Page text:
Avakian left for New York after telling Johnny that he would eventually send for him. Johnny continued his studies at San Francisco State and gained additional fame as a high jumper. In early 1956, Johnny was asked to attend the trials for the 1956 Olympic teams that would travel to Melbourne, Australia that summer. At the same time, Columbia Records requested that Johnny come to New York to start arrangements for his first recording session. Clem helped his son decide that his future and best interests were with the recording company. So, Johnny gave up his chance to become a member of the USA Olympic Team. He went to New York to record his first album in March of 1956.
The first album was a collection of jazz oriented renditions of popular standards entitled: Johnny Mathis: A New Sound In Popular Song. It included jazz musicians Gil Evans, John Lewis and Teo Macero and songs like “Angel Eyes”, “Easy to Love” and “Babalu”. The album enjoyed only moderate success because jazz vocal albums were not good sellers. Nevertheless, Johnny remained in New York and landed bookings at some of the leading nightclubs such as the Village Vanguard, The Blue Angel and Basin Street East.
Soon, Columbia placed Johnny under the supervision of producer Mitch Miller. Mitch favored using Johnny’s voice to sing soft, romantic ballads. At his second recording session, in the fall of 1956, Johnny recorded two singles. These songs were to become among his most popular all-time greatest hits: “Wonderful, Wonderful” and “It’s Not For Me To Say.” Subsequently, MGM Studios signed Johnny to sing “It’s Not For Me To Say” in the film Lizzie . He played a tavern piano bar singer. In 1958, Johnny made another motion picture appearance. This time it was for 20th Century Fox in A Certain Smile. In this movie, he sang the title song playing himself in an elegant nightclub scene. Since then, Johnny’s voice has been used in countless Hollywood movies for theme songs, background music and to enhance a particular setting or segment.
“Wonderful, Wonderful” and “It’s Not For Me To Say” reached their peaks on the BILLBOARD pop chart in July of 1957. These successes were followed by the monumental single “Chances Are” which became Johnny’s first #1 hit.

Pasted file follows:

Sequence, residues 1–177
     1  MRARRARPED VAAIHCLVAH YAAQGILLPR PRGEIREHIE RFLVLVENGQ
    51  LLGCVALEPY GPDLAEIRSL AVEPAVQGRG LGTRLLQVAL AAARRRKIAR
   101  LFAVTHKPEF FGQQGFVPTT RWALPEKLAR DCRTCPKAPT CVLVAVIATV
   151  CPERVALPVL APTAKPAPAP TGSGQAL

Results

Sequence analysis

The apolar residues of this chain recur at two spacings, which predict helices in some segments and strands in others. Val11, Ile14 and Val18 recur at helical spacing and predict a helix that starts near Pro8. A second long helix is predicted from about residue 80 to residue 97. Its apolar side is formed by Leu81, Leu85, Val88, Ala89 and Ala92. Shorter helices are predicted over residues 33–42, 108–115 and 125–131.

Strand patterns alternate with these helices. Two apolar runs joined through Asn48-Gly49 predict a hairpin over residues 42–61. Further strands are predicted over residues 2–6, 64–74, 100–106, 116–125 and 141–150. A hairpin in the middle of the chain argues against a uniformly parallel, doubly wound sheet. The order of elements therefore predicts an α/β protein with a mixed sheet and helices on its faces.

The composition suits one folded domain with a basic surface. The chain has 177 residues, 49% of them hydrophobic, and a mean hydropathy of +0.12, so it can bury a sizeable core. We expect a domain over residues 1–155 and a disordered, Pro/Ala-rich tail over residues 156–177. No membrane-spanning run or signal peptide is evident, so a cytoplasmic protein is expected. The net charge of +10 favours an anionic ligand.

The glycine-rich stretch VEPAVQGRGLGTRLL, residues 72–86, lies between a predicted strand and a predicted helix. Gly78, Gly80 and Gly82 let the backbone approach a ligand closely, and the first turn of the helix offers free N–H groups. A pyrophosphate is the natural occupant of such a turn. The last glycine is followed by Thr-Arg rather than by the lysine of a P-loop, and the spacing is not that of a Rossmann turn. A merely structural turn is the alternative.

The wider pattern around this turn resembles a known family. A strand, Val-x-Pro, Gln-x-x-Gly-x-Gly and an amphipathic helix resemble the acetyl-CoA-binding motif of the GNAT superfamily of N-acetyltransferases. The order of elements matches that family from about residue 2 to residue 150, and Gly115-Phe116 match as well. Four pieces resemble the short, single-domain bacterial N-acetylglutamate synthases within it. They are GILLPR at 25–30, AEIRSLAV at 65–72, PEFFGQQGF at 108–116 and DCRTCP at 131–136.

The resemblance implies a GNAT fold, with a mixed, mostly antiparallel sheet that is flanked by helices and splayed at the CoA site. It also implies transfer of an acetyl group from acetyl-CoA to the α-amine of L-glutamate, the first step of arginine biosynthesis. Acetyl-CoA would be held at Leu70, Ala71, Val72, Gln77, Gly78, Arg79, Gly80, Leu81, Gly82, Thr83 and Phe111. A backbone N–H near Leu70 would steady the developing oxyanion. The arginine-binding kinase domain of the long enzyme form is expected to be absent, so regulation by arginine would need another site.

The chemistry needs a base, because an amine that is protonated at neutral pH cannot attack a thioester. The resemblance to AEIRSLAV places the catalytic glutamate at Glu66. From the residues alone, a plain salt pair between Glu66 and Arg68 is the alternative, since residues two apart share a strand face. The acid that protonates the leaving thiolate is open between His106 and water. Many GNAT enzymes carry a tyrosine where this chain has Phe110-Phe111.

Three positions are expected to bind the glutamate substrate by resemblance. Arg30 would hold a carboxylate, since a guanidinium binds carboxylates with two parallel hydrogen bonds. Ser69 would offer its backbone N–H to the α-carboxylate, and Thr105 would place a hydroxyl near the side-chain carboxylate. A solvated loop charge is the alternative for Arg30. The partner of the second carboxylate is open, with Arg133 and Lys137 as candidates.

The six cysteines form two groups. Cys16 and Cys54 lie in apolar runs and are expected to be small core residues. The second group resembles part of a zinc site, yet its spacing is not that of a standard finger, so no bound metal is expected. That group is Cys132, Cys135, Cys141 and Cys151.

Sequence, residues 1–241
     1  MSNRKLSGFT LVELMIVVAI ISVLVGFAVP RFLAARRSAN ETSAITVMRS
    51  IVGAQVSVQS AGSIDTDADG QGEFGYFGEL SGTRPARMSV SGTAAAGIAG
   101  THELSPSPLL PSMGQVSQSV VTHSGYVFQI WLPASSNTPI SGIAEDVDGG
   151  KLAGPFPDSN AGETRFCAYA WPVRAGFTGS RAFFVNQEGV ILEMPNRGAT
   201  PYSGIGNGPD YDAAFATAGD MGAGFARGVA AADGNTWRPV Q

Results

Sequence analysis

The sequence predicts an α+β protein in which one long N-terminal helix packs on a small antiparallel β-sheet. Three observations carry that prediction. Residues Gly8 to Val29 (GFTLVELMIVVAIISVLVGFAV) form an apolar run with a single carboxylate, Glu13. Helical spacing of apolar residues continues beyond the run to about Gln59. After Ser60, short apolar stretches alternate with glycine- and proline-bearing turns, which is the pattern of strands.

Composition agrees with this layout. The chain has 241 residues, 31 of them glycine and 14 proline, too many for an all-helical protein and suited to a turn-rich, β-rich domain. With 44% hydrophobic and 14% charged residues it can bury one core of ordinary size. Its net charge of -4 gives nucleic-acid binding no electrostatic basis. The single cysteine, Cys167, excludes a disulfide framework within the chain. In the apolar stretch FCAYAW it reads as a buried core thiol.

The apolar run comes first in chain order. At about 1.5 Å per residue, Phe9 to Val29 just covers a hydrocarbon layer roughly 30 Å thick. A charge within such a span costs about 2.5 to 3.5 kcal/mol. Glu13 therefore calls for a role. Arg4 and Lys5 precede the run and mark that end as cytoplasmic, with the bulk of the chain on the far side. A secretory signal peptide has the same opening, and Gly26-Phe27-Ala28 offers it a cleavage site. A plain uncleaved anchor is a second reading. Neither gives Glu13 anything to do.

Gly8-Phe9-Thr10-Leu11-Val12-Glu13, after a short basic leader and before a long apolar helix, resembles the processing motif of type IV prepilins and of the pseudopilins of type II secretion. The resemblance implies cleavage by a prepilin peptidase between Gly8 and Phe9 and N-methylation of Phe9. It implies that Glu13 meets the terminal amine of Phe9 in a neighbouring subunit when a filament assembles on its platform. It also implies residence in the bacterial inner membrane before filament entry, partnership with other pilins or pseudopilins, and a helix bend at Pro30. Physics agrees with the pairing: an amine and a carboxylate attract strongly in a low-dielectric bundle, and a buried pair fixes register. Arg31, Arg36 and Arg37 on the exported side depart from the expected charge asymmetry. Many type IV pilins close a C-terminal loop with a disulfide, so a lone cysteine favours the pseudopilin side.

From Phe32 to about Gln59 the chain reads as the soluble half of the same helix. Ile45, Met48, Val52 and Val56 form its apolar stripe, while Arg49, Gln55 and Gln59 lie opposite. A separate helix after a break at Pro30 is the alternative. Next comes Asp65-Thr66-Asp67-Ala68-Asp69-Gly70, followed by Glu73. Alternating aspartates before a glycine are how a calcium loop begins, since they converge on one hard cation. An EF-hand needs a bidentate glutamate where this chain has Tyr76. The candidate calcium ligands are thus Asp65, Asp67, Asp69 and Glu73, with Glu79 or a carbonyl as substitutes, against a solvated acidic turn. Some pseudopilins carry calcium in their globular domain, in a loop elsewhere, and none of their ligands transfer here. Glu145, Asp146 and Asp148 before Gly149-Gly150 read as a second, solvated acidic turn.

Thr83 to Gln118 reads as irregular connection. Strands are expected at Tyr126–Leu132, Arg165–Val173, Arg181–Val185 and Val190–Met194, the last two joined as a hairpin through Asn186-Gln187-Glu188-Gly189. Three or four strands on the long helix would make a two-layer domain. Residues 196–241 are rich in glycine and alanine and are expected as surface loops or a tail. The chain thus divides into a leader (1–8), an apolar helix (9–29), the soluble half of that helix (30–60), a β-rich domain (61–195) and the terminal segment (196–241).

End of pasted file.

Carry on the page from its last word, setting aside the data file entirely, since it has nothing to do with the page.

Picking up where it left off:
In June of 1957, Johnny appeared on the Ed Sullivan Show where he was introduced to the record buying public and became a national celebrity and household name. Columbia Records continued to release albums of Johnny singing beautiful and romantic ballads, classic standards and the best songs from Broadway musicals. These albums, like the singles, became immediate successes with sales in the millions. It was not uncommon for Johnny to have as many as four albums on the BILLBOARD Top Albums chart at the same time. In late 1959, Johnny recorded another song that became synonymous with the name of Johnny Mathis, the Erroll Garner composition, “Misty”.
Johnny’s accomplishments are numerous and varied. He holds many records and has set many precedents in the music industry. In 1958, two years after being signed by Columbia Records, Johnny’s Greatest Hits was released. It began a “Greatest Hits” tradition copied by every record company since then. Johnny’s Greatest Hits went on to become one of the most popular albums of all time and spent an unprecedented 490 continuous weeks (almost ten years) on the BILLBOARD Top Albums Chart. This record has been noted in the GUINNESS BOOK OF WORLD RECORDS.
At one point in his career, according to record historian Joel Whitburn, Johnny was one of only five recording artists to have Top 40 Hits spanning each of his first four decades as a recording artist. And as of 2013 he has now had a hit in every decade of his career thanks to his lovely song with Jim Brickman “Sending You a Little Christmas” peaking at #4 on the Billboard Adult Contemporary chart! Amazingly, his second #1 Hit Single, “Too Much, Too Little, Too Late” (recorded with Deniece Williams), came almost 21 years after his very first #1 Hit Single, “Chances Are”.
Johnny has been honored to make several appearances before various heads of state. Starting in June of 1973, he sang at a State Dinner held in honor of the President of Liberia. In 1978, Johnny sang for the British Royal Family at A Command Performance held at The London Palladium. He performed for President and Mrs. Reagan at the State Dinner held in honor of the Prime Minister of Japan in April of 1987. Four years later in April of 1991, he sang for President and Mrs. Bush in honor of the President of Nicaragua. Most recently, in May of 1994, Johnny sang for President and Mrs. Clinton (along with the other five living First Ladies) at a very special First Ladies Tribute.
He has also been honored by entertainment heads of state. In June of 1972, he was awarded his own star on the famous Hollywood Walk of Fame, and has also participated in the Oscars presentation many times performing the song nominated in the “Best Song” category.